Fourth season of Laguna Beach begins production in December; Kyndra gets annoyed with a reporter

Laguna Beach‘s new cast has brought the show lower ratings and less drama, but a new season of the show will begin production in December. That season will stick with the same cast, but “probably with some additions,” the Los Angeles Times reports.

Creator and executive producer Liz Gateley says this transition period is to be expected. “It’s sort of like if you recast ‘[Beverly Hills] 90210,’” she says, noting that the audience must have “a whole new investment” in this group.

Regarding the show’s authenticity, Gateley explains how the scripted-sounded narration is written: it is, in fact, scripted, although Tessa has the option of changing lines she doesn’t like. “We basically write down what the narration needs to be in terms of catching people up on what’s happened. I spoke to Tessa about this, and said, anything you are uncomfortable saying, let us know,” she told the LA Times.

Also in its long and rather strange piece, the Los Angeles Times talks to two of the cast members, Cami and Kyndra, and Cami said she doesn’t like being portrayed as a mean girl. She defends her behavior, saying, “Everyone who knows me knows that I am not a mean girl. I mean, everybody my age, if there’s some girl who walks by in some outfit, you’d go, ‘Whoa, that’s a weird outfit.’ Everybody says those little things. I mean, they’re stupid and they’re rude and, of course, we regret saying all that stuff now.”

However, Cami is looking forward to the new season. “I want to be on the fourth season just to clean things up. Not that I wouldn’t be myself, but I would go out of my way to … I don’t know. It just really, really, really sucks. Tessa seems like this goody two-shoes on TV, and I am just sitting there watching it, going, ‘If you only knew.’”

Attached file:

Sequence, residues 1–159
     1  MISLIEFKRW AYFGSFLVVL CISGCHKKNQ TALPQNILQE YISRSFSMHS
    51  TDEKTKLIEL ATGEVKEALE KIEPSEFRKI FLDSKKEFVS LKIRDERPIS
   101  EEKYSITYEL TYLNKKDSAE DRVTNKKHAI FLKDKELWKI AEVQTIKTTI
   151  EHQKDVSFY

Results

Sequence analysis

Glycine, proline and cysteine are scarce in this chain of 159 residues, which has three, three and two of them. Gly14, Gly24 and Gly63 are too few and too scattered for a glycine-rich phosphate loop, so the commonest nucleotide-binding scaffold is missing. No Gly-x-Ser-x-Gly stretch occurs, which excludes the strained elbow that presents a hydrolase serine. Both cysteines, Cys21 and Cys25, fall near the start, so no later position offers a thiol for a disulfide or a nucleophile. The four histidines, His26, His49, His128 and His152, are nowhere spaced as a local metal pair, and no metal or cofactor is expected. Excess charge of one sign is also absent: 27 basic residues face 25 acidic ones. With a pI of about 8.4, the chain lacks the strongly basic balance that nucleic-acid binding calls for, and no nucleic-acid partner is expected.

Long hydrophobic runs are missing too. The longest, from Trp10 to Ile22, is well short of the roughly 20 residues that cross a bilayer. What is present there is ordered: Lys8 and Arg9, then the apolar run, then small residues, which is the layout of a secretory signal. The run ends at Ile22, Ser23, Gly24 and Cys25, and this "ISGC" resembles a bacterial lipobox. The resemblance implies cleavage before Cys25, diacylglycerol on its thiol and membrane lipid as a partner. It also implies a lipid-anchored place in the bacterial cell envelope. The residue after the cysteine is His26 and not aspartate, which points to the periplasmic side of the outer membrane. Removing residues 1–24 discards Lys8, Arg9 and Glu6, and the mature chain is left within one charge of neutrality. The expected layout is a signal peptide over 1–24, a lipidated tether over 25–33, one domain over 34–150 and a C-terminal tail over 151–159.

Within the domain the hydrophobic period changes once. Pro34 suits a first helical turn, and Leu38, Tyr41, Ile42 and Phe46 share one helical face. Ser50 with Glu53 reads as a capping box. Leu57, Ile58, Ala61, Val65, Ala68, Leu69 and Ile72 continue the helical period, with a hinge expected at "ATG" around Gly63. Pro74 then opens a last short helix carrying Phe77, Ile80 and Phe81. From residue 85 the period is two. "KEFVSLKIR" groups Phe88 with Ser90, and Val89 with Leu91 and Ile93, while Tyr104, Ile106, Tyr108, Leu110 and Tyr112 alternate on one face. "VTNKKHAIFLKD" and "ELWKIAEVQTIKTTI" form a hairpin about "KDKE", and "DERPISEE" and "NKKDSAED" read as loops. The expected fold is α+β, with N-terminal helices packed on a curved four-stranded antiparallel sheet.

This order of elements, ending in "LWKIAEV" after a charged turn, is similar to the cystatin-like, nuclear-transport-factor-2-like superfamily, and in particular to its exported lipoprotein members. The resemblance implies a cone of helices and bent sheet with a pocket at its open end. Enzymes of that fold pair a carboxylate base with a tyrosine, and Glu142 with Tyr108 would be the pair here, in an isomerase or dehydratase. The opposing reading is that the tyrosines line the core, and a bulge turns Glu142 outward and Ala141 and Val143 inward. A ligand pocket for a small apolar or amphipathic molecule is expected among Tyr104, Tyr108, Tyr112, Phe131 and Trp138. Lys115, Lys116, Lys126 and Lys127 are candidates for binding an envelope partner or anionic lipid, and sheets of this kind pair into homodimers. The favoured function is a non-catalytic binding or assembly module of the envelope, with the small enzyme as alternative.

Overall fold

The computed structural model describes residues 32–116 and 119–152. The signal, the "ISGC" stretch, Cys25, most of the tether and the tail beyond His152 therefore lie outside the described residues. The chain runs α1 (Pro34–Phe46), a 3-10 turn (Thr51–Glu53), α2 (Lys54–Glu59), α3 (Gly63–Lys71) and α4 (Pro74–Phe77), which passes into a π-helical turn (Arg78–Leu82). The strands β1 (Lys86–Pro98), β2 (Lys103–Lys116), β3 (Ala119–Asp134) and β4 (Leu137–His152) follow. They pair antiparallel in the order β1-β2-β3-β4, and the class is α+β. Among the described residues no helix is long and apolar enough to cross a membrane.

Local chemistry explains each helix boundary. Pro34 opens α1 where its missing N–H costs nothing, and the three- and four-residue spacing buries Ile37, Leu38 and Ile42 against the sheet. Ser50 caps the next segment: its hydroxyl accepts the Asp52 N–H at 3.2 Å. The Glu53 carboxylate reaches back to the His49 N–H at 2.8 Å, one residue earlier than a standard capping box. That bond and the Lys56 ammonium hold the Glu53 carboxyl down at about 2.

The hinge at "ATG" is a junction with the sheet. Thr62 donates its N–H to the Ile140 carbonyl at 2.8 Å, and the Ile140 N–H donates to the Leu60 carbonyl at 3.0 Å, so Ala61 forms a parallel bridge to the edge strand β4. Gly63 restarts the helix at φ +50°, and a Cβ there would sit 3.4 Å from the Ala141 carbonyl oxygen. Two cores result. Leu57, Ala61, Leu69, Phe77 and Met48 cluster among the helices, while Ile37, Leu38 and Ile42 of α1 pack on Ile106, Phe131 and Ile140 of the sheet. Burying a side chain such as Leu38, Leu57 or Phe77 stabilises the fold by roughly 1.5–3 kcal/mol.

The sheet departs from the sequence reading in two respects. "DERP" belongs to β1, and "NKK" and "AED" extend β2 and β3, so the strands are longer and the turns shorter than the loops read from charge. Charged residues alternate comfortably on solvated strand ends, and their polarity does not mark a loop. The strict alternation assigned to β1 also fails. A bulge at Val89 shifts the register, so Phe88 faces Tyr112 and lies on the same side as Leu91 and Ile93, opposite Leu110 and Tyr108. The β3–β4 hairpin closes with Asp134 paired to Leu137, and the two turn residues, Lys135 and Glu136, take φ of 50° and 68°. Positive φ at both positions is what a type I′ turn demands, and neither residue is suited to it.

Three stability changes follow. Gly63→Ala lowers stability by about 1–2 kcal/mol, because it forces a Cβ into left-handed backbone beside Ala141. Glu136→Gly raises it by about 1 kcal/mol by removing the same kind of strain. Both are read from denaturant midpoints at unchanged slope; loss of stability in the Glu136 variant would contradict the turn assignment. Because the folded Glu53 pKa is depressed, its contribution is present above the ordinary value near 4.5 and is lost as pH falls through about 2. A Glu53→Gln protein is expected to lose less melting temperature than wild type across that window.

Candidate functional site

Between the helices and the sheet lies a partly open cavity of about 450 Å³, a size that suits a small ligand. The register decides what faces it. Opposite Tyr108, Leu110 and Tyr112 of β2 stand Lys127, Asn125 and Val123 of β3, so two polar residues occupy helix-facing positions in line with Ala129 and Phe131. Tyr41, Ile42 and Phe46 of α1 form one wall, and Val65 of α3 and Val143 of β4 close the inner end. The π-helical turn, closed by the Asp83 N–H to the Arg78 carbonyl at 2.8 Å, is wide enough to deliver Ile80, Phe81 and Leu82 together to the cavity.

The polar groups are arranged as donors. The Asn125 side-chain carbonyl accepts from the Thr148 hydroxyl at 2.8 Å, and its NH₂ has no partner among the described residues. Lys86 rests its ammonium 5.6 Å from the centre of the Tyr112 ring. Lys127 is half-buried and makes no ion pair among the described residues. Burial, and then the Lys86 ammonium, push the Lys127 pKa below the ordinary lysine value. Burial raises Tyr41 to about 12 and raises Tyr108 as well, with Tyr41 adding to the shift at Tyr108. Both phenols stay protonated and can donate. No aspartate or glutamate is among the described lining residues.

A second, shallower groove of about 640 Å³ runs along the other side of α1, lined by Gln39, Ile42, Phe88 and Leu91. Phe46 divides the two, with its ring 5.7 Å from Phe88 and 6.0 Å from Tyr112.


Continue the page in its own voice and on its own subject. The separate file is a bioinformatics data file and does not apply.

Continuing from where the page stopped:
Kyndra, meanwhile, is okay with being the villain. “If everyone played the little nice girl, then no one’s gonna watch the show. So I’d rather draw people into watching the show,” she said.

Most hysterically, though, Kyndra didn’t break character for the interview with the paper, which says “Kyndra could barely contain her boredom” and “answered questions in a distracted tone, stared out the cafe window and was snippy when asked what she felt were repetitive questions about the show.” Her answers included the following: “I think I already answered that,” “And I don’t really care,” and “I feel like I am repeating myself.”

The paper also says Kyndra “refused to step onto the beach to pose for a photograph, insisting instead that she stay on the staircase above the sand.” She was such a pain in the ass that not one but “Two MTV publicity executives called later to apologize for Kyndra’s behavior; Gateley also apologized.”

The not-so-sunny side [Los Angeles Times]

about the writer

Andy Dehnart is a journalist who has covered reality television for more than 15 years and created reality blurred in 2000. A member of the Television Critics Association, his writing and criticism about television, culture, and media has appeared on NPR and in Playboy, Buzzfeed, and many other publications. Andy, 36, also directs the journalism program at Stetson University in Florida, where he teaches creative nonfiction and journalism. He has an M.F.A. in nonfiction writing and literature from Bennington College. More about reality blurred and Andy.